Loving the land, leaving the land

Published May 15, 2013 by EarthSpirit Community on EarthSpirit Voices
Written by Alison Mee

Alison Mee,  has been part of the EarthSpirit community since 1999. She lives near Harpers Ferry in West Virginia.

Alison's landA year ago, as events in our lives unfolded, both logic and intuition told my husband and I that we needed to pick up and move our family from our home of 18 years, to somewhere new. We felt about as sure as we could be, that the move was right for us, that we were moving toward greater joy. But that didn’t make it easy for me to leave the land.

I had allowed myself to fall in love with the land on which I lived. I had connected to it as deeply as I knew how. One summer, I decided that every single solitary day, I would eat something from my land. I started with the chives and the fresh onion grass of spring. Then, with my relatively meager gardening skills, I grew some vegetables, and brought snap peas with me when I traveled, keeping them carefully and eating one every day. By autumn’s figs, I was feeling the land as part of myself.

I went through retreats, of staying on that land for a week or so at a time, spending time outdoors, but not going beyond that piece of land. I composted the story of my life, into the soil: apple wood from the home where I grew up, branches from the woods behind my grandmother’s house, flowers from funerals and weddings. The first time we placed each of my children’s feet on the earth, it was there. I brought bits of the land — soil, moss, pine needles — with me when away from home.

How could I leave? I could leave, I found, with love, appreciation, and intention.

As soon as we knew we were going to be selling the property, we had a family ritual with the land. We thanked it for it’s support of our family, and rejoiced in all the great years we’ve had there. Then, I opened up the thicket, the space that I had set aside some years ago to be mostly free from human intervention. I wouldn’t be protecting it in the same way anymore. Our relationship would be changing.

Then I sought to use my connection to the spirit of the land where I had been living, including the local river, to reach out to the land I was moving to, to help me find my correct path. Somewhere, I knew, was a place that could give me what I was needing, and likewise, could need me. I wanted to let the land reach out to me, as I searched for it.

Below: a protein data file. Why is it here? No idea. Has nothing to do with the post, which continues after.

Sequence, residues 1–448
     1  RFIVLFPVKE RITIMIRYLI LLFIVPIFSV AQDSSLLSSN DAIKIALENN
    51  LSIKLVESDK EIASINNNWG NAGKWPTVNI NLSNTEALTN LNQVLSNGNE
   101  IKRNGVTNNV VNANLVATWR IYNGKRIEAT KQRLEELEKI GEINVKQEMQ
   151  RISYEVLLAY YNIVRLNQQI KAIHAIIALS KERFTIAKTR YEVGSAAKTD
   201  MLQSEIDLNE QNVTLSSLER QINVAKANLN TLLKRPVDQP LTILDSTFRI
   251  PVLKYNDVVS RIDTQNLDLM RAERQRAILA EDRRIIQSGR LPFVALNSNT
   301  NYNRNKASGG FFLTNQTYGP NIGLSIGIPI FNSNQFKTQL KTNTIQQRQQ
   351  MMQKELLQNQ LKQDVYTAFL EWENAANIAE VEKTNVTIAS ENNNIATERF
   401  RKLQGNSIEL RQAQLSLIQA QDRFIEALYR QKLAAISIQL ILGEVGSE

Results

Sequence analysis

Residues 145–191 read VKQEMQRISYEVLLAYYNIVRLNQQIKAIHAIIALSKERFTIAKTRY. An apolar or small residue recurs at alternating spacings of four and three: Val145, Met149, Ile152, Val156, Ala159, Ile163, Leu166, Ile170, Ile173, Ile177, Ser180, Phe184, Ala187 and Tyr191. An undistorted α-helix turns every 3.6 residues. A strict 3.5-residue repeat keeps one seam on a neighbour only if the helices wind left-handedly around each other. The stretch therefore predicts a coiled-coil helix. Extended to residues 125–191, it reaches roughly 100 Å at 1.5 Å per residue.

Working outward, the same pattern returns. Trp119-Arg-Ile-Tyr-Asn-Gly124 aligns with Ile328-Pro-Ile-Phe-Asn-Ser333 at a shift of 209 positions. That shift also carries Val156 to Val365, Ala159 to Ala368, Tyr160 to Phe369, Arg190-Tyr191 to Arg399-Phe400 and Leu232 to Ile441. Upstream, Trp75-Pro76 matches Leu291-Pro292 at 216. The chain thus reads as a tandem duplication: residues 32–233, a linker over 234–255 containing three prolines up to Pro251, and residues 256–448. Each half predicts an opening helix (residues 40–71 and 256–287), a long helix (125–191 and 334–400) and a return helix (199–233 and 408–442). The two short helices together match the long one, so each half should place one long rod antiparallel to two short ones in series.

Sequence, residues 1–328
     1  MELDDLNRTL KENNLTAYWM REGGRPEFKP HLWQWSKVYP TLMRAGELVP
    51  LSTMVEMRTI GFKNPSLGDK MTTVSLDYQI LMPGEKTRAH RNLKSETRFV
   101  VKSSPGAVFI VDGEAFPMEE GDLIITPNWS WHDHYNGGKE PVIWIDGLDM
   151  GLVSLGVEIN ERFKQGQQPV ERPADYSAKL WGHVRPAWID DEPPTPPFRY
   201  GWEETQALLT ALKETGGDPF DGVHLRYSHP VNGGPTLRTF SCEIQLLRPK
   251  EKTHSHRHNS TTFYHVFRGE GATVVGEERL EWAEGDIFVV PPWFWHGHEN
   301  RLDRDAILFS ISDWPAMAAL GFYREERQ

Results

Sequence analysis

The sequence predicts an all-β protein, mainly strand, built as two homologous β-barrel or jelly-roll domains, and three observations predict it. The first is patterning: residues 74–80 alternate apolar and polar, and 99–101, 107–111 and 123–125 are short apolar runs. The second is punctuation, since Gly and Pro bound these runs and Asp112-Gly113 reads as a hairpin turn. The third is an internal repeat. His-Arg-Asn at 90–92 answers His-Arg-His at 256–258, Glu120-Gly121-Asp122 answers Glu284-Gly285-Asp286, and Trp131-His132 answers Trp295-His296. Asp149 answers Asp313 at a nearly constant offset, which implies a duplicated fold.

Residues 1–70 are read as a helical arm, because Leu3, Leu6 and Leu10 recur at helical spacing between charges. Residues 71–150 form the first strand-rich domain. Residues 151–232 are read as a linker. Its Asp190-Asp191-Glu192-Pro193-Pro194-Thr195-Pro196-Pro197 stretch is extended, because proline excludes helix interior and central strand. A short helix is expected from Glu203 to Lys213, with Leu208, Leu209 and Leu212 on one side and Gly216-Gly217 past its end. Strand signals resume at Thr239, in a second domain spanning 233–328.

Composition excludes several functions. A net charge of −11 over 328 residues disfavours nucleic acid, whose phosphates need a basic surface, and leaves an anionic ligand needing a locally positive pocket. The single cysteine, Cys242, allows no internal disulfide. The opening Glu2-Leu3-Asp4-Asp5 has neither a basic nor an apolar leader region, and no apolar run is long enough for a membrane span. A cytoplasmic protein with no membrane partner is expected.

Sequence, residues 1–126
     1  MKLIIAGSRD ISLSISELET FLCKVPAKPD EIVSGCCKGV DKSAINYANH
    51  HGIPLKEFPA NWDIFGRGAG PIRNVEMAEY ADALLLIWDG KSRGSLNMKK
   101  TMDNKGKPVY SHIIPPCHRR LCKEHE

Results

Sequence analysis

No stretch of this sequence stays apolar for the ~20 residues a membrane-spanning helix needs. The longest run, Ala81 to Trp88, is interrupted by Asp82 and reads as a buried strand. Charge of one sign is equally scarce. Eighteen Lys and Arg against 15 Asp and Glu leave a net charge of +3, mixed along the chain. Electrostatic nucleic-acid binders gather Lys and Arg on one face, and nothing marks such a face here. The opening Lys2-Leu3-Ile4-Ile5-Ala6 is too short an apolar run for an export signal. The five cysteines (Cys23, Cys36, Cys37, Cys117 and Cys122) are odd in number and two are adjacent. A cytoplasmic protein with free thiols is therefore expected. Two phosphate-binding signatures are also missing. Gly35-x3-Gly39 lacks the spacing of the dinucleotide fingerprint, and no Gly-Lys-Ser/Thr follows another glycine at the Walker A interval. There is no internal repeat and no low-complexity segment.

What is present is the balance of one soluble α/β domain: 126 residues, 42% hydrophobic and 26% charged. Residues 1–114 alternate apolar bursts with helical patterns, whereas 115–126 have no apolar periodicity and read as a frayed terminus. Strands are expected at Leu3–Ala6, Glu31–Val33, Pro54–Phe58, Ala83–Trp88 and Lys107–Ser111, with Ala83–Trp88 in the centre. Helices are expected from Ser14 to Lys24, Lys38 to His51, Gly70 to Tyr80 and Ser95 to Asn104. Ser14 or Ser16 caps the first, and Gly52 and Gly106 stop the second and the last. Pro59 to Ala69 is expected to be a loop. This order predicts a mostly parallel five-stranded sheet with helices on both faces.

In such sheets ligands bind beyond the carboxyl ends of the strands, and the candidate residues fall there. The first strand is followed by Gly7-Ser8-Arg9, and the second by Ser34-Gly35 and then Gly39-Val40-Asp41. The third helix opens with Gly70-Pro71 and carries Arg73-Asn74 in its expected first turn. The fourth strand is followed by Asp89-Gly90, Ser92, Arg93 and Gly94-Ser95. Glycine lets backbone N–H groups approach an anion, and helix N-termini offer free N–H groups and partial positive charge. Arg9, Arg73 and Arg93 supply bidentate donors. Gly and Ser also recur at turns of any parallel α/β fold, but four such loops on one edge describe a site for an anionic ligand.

When we were looking for our new home, I paid as much attention to the land as I did to the houses. We explored all over the county, and I smelled the dirt. At first I was shy and kept trying to do it when the realtor wasn’t looking, but eventually I got used to his attentiveness and he got used to the fact that I spent more time on the land than in the house. I stopped worrying about his opinion of me. Finding the right land was more important to me than not weirding out the realtor.

If I weren’t going by smell, I’ve since learned that I could have gone by field guide maps. It turns out that what smelled so good to me was biodiversity. Where we live now has a huge variety of plants and animals.

Now that I’m here, I’m falling in love again. Instead of plowing in with what I think should be here, I’m waiting and letting the woods show me their paths. I’m watching to see what’s going on. Who has been living here before me? What needs to be done? What’s been waiting for me? What would rather be left alone?

I bring water from my old home, to my new home. And earth. And sap from the white pine which used to be my meditation spot. If I were moving very far, I might worry about bringing non-indigenous plants, insects or microorganisms. But it would still be acceptable, generally, to bring vegetables grown in one home, and then compost them into the land in the new home. And in this way I’m bringing the story of my life forward, weaving together the connections.

Now it is spring, and I am seeing the emergence of new flowers, hearing new birds, connecting deeper with the spirit of this land.

And tasting the sweetest onion grass in the world. I’m home again.

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Offerings

Published May 18, 2012 by EarthSpirit Community  on EarthSpirit Voices
Written by Katie Birdi

OfferingsThe world is (among other things) a cycle of give and take. We breathe out, the plants breathe in. The plants breathe out, we breathe in. Offering doesn’t have to be about sacrifice. It can be joyful gratitude for the bounty we are surrounded by, a connection with our prayers, a gift of service, and the passion we are compelled to express.